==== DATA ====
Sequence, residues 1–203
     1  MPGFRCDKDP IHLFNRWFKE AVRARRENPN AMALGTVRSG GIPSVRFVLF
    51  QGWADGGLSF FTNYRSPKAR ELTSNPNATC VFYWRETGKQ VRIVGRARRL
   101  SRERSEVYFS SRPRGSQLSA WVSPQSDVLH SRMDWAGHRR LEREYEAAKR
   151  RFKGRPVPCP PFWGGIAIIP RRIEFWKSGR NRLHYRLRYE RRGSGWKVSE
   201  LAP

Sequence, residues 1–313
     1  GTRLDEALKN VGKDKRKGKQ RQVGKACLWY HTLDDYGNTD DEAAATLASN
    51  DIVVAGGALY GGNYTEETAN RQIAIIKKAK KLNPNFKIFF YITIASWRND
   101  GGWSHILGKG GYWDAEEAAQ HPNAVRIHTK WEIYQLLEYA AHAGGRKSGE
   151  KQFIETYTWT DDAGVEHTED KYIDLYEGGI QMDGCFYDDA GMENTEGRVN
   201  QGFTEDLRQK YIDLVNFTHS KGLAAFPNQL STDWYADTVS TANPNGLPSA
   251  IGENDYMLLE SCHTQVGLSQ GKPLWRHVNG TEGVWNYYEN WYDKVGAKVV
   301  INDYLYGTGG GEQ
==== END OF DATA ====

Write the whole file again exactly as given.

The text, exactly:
Sequence, residues 1–203
     1  MPGFRCDKDP IHLFNRWFKE AVRARRENPN AMALGTVRSG GIPSVRFVLF
    51  QGWADGGLSF FTNYRSPKAR ELTSNPNATC VFYWRETGKQ VRIVGRARRL
   101  SRERSEVYFS SRPRGSQLSA WVSPQSDVLH SRMDWAGHRR LEREYEAAKR
   151  RFKGRPVPCP PFWGGIAIIP RRIEFWKSGR NRLHYRLRYE RRGSGWKVSE
   201  LAP

Sequence, residues 1–313
     1  GTRLDEALKN VGKDKRKGKQ RQVGKACLWY HTLDDYGNTD DEAAATLASN
    51  DIVVAGGALY GGNYTEETAN RQIAIIKKAK KLNPNFKIFF YITIASWRND
   101  GGWSHILGKG GYWDAEEAAQ HPNAVRIHTK WEIYQLLEYA AHAGGRKSGE
   151  KQFIETYTWT DDAGVEHTED KYIDLYEGGI QMDGCFYDDA GMENTEGRVN
   201  QGFTEDLRQK YIDLVNFTHS KGLAAFPNQL STDWYADTVS TANPNGLPSA
   251  IGENDYMLLE SCHTQVGLSQ GKPLWRHVNG TEGVWNYYEN WYDKVGAKVV
   301  INDYLYGTGG GEQ